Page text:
1. Samuel Kim, Harvard University, MPA
Samuel Hungsoo Kim is the Founding President of the Center for Asia Leadership. Passionate about nurturing and empowering talent in Asia, Samuel runs over 70 programs annually, in 31 Asian countries, to help the region’s emerging leaders explore ways of being socially responsible as they face today’s complex challenges. His research and programs focus on overcoming the immunity to change, addressing maladaptive leadership practices, defining leadership in the times of an absence of authority, and dealing with macro and micro uncertainties. To date, some 42,000 emerging and established leaders from the governmental, political, non-profit, and corporate spheres in Asia have benefited from his programs. Prior to establishing CAL, Samuel worked in a wide range of sectors, from strategy consulting and social entrepreneurship to international development, politics, and government. He has worked for and with over 30 renowned organizations, including the United Nations, UNESCO, Samsung, and Toyota. Samuel holds an MPA from Harvard University. He is the editor of twelve books and regularly writes opinion pieces and editorials.
2. Rahul Daswani, Harvard University, MPP
Rahul Daswani is a Futurist, Intrapraneur, Coach, and Ex-McKinsey Consultant. Passionate about designing and implementing organization-wide initiatives to build capabilities, he has over 10 years experience founding or being in the early stages of 3 government startups: Strategy Group in Singapore’s Prime Minister’s Office, SkillsFuture Singapore (to encourage lifelong learning), and the Office of Climate Change (now upgraded to the Climate Change Development Authority) of Papua New Guinea. He has worked at both macro and micro levels, assessing the demand and supply of critical skills across industries at SkillsFuture Singapore, crafting scenarios for the future at the Prime Minister’s Office in Singapore, creating sustainable development plans with provinces in Indonesia while at McKinsey, scaling up agricultural extension services in Ethiopia through good governance and business practices, and building talent at the Office of Climate Change and Development in Papua New Guinea. Rahul holds a Master in Public Policy at Harvard University, focusing on political and economic development.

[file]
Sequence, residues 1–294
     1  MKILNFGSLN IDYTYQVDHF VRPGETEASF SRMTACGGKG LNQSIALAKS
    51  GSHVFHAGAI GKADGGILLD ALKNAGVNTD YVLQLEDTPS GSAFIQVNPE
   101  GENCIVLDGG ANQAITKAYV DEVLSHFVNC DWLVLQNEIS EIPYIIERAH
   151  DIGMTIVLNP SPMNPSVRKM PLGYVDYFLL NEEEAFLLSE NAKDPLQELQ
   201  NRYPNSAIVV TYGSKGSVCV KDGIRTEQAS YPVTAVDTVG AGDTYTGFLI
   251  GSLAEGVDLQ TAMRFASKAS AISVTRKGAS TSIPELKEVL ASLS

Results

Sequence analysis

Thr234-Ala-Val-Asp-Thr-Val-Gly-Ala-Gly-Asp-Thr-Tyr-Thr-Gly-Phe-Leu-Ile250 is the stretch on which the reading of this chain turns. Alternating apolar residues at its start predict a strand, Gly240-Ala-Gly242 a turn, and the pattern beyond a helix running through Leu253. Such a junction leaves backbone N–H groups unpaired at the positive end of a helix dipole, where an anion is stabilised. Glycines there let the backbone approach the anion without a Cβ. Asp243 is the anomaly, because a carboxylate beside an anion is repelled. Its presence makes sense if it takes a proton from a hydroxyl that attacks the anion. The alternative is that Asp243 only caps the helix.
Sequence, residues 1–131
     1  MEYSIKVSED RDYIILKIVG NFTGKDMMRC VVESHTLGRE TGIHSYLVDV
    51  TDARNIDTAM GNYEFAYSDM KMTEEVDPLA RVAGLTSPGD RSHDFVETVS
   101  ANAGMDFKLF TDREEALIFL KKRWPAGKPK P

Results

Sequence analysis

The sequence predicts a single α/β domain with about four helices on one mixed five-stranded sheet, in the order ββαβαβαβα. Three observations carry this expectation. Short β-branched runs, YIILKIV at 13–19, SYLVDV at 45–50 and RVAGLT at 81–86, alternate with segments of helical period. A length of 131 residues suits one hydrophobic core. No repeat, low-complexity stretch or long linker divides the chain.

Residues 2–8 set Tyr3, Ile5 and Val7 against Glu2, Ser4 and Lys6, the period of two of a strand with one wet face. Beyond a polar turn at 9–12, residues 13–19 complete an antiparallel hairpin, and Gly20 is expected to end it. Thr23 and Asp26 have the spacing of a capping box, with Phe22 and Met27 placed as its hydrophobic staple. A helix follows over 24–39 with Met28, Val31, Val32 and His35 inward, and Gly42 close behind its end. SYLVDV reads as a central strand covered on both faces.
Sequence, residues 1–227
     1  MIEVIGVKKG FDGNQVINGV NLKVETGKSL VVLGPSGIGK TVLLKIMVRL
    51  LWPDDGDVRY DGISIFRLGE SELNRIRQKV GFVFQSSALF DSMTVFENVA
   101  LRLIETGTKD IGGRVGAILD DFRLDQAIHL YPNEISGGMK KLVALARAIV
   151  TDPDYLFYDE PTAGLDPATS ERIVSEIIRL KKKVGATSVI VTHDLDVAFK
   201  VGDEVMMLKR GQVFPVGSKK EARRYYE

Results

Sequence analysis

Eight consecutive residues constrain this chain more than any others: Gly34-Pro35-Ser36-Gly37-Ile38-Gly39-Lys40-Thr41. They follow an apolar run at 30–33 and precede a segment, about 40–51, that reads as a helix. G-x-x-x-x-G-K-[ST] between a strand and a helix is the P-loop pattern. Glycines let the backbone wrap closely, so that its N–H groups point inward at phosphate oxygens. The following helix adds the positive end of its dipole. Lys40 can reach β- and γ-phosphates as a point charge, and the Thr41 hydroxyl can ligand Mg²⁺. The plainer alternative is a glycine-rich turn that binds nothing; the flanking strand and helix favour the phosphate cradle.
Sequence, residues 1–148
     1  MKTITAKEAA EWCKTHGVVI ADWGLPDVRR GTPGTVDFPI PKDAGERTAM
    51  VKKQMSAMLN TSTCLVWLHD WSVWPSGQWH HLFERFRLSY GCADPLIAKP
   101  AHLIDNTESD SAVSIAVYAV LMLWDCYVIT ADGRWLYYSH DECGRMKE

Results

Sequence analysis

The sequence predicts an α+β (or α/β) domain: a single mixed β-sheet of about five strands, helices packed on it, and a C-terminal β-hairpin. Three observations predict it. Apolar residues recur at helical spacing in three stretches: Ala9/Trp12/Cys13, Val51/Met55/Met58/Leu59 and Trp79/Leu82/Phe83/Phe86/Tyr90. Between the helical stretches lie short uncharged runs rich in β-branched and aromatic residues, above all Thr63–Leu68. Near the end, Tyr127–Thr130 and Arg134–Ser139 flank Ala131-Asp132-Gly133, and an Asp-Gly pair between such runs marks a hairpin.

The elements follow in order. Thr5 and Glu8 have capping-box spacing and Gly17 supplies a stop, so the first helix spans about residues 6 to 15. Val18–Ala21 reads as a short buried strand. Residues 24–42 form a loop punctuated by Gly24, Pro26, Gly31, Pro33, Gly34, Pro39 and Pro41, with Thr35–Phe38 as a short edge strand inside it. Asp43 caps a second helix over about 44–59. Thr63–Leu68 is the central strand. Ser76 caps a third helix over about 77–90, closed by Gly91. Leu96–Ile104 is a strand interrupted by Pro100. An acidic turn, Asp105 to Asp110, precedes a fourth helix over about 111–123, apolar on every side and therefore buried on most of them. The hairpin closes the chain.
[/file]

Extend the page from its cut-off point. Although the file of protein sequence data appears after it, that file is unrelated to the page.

FREQUENTLY ASKED QUESTIONS
1. What does online blended learning mean? Online blended learning combines online resources and interactive approaches to learning conducted over the course of several days or weeks. This includes live virtual lectures with an instructor, individual readings and assignments which you can do at your own pace, facilitator-led group work and discussion, and mini projects where you can directly apply your learning – all conducted online.
2. What are the online platforms/ technological equipment needed to participate in the program? Online learning does not require highly advanced tools and equipment. All you need is a computer (desktop or laptop) with a functional webcam, microphone, and speaker, and preferably connected to a LAN cable for more stable internet connectivity (a good stable Wifi will also work).
3. Is an online blended training claimable under HRDF? Yes. HRDF categorizes this as an e-learning program that is claimable for HRDF-registered employers.